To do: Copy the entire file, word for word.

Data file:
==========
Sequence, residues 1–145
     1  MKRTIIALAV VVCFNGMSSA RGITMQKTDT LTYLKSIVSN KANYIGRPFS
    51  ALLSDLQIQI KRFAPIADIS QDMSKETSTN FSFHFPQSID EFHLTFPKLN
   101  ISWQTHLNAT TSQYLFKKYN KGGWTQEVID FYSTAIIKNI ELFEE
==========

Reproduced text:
Sequence, residues 1–145
     1  MKRTIIALAV VVCFNGMSSA RGITMQKTDT LTYLKSIVSN KANYIGRPFS
    51  ALLSDLQIQI KRFAPIADIS QDMSKETSTN FSFHFPQSID EFHLTFPKLN
   101  ISWQTHLNAT TSQYLFKKYN KGGWTQEVID FYSTAIIKNI ELFEE